ACTIVE IN CHURCH OUTREACH
Eils has become more active in his St. Paul’s Episcopal Church. He’s the chair of the endowment committee and assists with a new program, “The Diaper Bank.” The Diaper Bank collects diapers from local churches to be distributed by local service agencies as needed.
“We were looking for an outreach program that a small church could do,” said Eils, “and this was a perfect fit.”
VENDING: NEVER FAR AWAY
Eils has been part of vending for so long he can’t help but continue looking at issues and helping industry members with questions. He believes the nutrition issue is still the biggest struggle for operators.
“Even in our local paper, we see vending is always mentioned…vending is still seen as the bad guy,” said Elis. He hopes NAMA’s increased presence in Washington, D.C. will influence legislation affecting vending. “Vending has its place and always will. It’s just hard to watch it being given a bad rap again,” said Eils.
He also attends the Illinois Automatic Merchandising Council meetings to keep up with what’s going on. He gets the occasional health department question and energy saving question, but it isn’t overwhelming. “I like to think there’s not too many calls because all the work we did in the past has paid off,” said Eils.
Eils is also planning to attend the Conference for Food Protection on behalf of NAMA, and he will be in the NAMA booth at the OneShow. He’s excited to see the newest technologies in person, especially the new machines.
When Eils sees a vending machine somewhere, he always stops to look at it. How is the product mix? Does he know the operator? It’s still in his mind.
His biggest disappointment is that he could never convince the agencies overseeing the Americans with Disabilities Act that vending machines are portable devices rather than permanent structures in buildings.
“We have had no complaints about the current heights since they were put in place over 30 years ago,” said Eils. Nevertheless, the agencies are still trying to get machine manufacturers to lower machine operating controls.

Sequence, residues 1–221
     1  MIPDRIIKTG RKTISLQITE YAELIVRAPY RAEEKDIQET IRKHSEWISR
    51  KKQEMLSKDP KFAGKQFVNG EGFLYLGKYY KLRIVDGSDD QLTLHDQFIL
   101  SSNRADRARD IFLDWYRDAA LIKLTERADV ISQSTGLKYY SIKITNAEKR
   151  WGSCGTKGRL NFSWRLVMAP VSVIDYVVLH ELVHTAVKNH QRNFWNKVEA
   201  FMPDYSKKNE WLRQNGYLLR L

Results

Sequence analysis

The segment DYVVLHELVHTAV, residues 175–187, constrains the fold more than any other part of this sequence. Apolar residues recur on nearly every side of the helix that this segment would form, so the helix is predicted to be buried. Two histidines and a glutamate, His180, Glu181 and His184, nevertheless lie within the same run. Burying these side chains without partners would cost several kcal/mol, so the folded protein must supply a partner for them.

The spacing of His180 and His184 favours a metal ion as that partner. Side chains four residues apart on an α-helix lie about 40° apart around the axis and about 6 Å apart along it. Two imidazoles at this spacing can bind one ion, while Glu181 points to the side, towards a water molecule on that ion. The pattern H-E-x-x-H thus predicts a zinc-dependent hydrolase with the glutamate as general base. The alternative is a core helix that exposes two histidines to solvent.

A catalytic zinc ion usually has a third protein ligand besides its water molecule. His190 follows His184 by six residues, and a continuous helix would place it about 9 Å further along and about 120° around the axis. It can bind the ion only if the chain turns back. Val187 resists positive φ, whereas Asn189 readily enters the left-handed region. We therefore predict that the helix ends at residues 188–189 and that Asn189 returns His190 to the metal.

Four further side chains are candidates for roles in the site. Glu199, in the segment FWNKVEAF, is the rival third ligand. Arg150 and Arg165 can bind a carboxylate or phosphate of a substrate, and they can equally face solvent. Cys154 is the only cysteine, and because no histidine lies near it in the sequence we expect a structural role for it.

NO WISH TO TRAVEL
When asked why he hasn’t traveled since retiring, Eils shrugs and says he traveled so much for work that he’s content to stay home for now. Between state council meetings, conferences and events throughout the country for more than 20 years, Eils has been to many places, often accompanied by his wife. “I haven’t been on a long trip since I retired,” boasted Eils, “I’ve been on an airplane once.”
Instead of traveling, Larry, Marsha and the dogs, now only Willow and BJ since losing Mattie last year, keep busy with hobbies and await visits from their four grandchildren. Eils still has the “high” score in Nintendo Wii bowling since the grandkids’ last visit.
“In the beginning, retirement was an adjustment — all of a sudden being home all the time, after not being home a lot,” said Eils. But now he feels it gives him the opportunity to try new things, get more done around the house, and “raise plants from seeds.”
Eils has been so active that he’s actually lost 15 pounds since retiring, with no addition of formal exercise.
And he’s happy to give up his “Dr. Doom” days, a name he got from Ben Ginsberg, co-founder of Automatic Merchandiser, who also recently retired. Ginsberg noted Eils’ presentations never brought good news.
Eils misses his friends in the industry, but says when they retire, they’ll enjoy it immensely, too.